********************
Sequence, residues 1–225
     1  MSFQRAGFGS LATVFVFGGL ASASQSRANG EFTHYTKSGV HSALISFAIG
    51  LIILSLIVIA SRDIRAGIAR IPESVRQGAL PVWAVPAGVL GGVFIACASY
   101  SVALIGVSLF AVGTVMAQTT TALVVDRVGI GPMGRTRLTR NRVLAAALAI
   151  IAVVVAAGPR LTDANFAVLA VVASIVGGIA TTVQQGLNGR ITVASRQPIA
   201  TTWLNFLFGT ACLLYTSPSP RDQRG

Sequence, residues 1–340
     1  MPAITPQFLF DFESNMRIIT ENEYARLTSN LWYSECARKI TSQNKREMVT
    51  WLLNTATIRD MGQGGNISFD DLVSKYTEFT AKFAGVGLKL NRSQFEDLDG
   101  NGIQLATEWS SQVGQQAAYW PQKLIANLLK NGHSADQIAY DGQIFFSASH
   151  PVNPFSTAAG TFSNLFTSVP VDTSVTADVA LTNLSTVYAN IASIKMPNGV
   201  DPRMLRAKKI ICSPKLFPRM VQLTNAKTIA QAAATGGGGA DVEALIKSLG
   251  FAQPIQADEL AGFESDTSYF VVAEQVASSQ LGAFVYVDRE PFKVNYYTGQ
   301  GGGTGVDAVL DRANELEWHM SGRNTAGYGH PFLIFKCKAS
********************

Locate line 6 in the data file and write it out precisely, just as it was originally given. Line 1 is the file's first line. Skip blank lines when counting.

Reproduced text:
   201  TTWLNFLFGT ACLLYTSPSP RDQRG